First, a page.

South Korea’s National Fusion Research Institute (NFRI) on 24 November announced that the K-STAR fusion reactor had managed to operate the plasma at 100 million degrees Celsius for 20 seconds – the world’s first nuclear fusion reactor to have maintained plasma for more than 10 seconds at that temperature.
Previously, NFRI had managed to operate the plasma at ultra high temperatures for 1.5 seconds in 2018 and 8 seconds last March. K-STAR is a superconducting tokamak research reactor that requires the plasma to be held at very high temperature in a stable state for a long time.
The research team managed to achieve this using the Internal Transport Barrier (ITB) mode, Yonhap reported. NFRI aims to operate the plasma at a similar high temperature for 300 seconds by 2025. The team also plans to replace the material of the deflector (a device allowing the thermal energy produced by the plasma to be sent to other parts), currently in carbon, with tungsten. NFRI aims to commission a new generation K-DEMO nuclear fusion demonstration reactor by 2040 that will produce electricity.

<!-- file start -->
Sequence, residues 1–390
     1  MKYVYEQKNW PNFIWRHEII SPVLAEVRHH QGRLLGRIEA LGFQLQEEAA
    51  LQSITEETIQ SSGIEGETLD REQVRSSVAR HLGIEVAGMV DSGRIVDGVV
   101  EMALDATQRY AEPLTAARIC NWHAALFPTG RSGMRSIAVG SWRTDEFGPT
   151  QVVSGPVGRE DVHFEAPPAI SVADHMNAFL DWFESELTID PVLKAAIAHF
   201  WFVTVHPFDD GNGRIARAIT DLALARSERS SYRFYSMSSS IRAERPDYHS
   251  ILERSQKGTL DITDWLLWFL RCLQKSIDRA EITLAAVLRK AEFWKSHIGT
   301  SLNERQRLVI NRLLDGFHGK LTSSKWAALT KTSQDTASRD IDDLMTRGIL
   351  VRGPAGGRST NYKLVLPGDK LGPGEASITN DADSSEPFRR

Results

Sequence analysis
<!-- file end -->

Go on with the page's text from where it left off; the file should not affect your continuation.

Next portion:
“The energy from nuclear fusion is a new generation of clean energy, which is 10 times more efficient than a nuclear reactor using nuclear fission and does not present a risk of radioactive leakage,” said Yoon Si- woo, director of the KSTAR research centre." This feat will contribute to the Iter project," he added.
South Korea is one of six countries and the EU contributing the International Thermonuclear Experimental Reactor (ITER) project to build an experimental fusion reactor in Cadarache, France.